Sloan is only three-years-old and the "mistakes" she makes are minimal—enthusiastically placing stickers all over her bed frame, getting Play-Doh caught in the grooves of our coffee table or shattering a 'big girl' glass she's convinced me to let her drink from. But sometimes I can't help but look ahead to years from now when she'll be much less inclined to hear my advice. In the interest of mentally preparing myself for her adolescence, I'm looking back at some of my own pivotal moments and the advice I'd give to my younger self:
I get it. You have your first boyfriend and you're very excited. But the whole making-out-in-the-hallways-at-school, writing each other constant notes, and talking to each other for three hours every night is a bit much. Have fun, but make sure you remember your priorities: your schoolwork, athletics and most importantly your family and friends. Those are the people who will always be there for you since (spoiler!) this guy won't be around long-term. Another piece of advice: pay attention to red flags. You know how most of the people in your life don't really approve of the relationship? LISTEN TO THEM. It's never a good sign if those who know and love you don't like the person you're dating.
I know you're nervous—you have good reason to be. You're leaving behind everything and everyone you know for an entirely new experience. But trust me: College is going to be some of the best years of your life. It's where you'll find yourself and develop the confidence that's always been just beneath the surface. You'll fall in love, get your heart broken, learn about the world, make lifelong friends, and develop an even deeper appreciation for where you come from. Embrace new opportunities, do things that scare you (which includes going through with that study abroad opportunity in Chile), and realize that even though you feel stressed and busy, you have very few obligations, so enjoy the freedom. P.S., There's no shame in being excited about the food offered at the dining hall, but multiple desserts after literally every meal isn't wise (especially since you'll realize just how expensive it is to have to buy an entirely new wardrobe by October).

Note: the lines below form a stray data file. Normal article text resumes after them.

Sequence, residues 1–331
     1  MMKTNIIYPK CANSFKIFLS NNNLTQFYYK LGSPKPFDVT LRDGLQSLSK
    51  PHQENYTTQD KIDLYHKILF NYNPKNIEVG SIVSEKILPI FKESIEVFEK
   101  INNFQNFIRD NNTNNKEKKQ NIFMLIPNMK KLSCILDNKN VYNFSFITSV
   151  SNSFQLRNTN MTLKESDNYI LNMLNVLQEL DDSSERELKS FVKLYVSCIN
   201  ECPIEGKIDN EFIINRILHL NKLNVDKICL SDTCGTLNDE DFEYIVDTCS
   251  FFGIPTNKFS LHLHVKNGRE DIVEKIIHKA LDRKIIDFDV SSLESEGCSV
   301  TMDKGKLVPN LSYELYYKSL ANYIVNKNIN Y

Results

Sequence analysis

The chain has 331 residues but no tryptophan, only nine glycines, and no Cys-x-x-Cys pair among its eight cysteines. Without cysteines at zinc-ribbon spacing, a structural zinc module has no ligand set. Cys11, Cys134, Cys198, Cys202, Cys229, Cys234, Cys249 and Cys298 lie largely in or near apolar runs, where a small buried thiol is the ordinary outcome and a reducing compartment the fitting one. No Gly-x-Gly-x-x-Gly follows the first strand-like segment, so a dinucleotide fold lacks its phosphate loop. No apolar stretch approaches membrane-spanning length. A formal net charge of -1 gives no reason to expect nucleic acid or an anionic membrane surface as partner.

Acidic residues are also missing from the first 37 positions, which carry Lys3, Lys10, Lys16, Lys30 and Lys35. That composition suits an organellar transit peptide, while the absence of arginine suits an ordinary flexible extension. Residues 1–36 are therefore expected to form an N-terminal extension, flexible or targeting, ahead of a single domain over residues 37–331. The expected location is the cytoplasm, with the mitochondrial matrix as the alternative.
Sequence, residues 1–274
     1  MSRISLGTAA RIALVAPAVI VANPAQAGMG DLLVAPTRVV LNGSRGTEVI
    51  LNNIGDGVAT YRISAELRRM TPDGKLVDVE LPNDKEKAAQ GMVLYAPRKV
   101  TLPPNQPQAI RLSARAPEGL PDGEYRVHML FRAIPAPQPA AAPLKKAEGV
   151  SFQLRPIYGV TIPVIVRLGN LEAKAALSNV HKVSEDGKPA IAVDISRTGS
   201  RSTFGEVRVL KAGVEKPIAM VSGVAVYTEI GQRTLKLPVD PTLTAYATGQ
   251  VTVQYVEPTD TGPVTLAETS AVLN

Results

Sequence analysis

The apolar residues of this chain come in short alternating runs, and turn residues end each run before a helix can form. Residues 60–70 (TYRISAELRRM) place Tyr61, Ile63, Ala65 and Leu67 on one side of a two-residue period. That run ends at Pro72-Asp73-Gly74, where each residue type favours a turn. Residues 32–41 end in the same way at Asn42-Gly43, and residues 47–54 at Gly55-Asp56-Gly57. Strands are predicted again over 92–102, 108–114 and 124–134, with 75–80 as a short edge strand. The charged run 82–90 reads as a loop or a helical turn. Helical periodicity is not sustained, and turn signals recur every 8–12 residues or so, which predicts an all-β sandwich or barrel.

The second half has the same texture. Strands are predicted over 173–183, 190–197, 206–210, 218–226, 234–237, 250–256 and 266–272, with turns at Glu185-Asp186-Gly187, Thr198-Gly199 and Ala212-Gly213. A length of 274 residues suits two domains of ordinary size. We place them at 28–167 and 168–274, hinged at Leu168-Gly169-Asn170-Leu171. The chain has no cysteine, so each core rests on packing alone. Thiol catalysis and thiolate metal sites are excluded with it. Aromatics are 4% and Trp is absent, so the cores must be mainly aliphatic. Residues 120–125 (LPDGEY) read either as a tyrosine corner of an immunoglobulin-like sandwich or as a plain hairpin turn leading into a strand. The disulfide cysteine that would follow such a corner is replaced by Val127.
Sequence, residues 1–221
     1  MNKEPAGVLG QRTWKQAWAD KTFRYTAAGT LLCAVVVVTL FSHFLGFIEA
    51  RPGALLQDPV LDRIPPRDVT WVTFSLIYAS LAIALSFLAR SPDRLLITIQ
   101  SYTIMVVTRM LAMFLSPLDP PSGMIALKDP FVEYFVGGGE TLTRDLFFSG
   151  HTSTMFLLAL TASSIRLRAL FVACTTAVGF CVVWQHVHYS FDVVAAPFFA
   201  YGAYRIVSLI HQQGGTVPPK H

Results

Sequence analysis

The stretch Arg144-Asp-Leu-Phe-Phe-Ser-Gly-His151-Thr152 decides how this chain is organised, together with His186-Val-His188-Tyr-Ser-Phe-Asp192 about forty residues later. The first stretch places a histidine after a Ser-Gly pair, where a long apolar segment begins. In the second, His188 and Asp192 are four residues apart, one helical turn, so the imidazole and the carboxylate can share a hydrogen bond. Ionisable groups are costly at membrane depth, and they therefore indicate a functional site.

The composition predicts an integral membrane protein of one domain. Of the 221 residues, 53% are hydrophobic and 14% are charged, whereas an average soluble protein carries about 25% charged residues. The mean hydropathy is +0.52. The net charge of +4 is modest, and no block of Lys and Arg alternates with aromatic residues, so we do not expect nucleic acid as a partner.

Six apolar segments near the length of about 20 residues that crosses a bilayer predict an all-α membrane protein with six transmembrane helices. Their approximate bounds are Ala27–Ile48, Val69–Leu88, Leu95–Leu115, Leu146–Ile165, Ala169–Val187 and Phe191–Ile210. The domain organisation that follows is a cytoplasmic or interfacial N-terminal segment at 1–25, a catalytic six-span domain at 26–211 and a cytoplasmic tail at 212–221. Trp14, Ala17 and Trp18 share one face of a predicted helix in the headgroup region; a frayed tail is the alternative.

Go out on your 21st birthday!!! I know you have finals this week, but leave the computer lab for a few hours to buy your first legal drink. No matter what, always make yourself a priority and celebrate accordingly.
So you're a few years out of college with a job, a live-in boyfriend (great call on G!), and some great friends. You were kind of under the assumption that you had it all figured out until about the time you turned 25, right? It's a weird time. You're certainly not a kid anymore, and old enough to realize you just really don't know much about anything. Find comfort in the uncertainty and be okay with learning as you go and not always having the answers. Don't worry about asking for help—contrary to what you may think, it doesn't show weakness. Lean on those around you, ask thoughtful questions, and be open to failure. Oh, and that risk you're considering—the one the involves leaving your steady 9 to 5 so that you can pursue that little hobby you started on the side (called 'Cupcakes and Cashmere') is worth taking.
I know you've never been one of those girls who really cares about age, but 30's a big one, so it's okay to feel slightly overwhelmed. But remember this: It's just a number. You don't have to have it all figured out or do anything by a certain age. I know you're still even on the fence as to whether you want kids (spoiler part two: You do and it's the best thing, ever!), but have the confidence and faith in yourself that the answers will come when you're ready.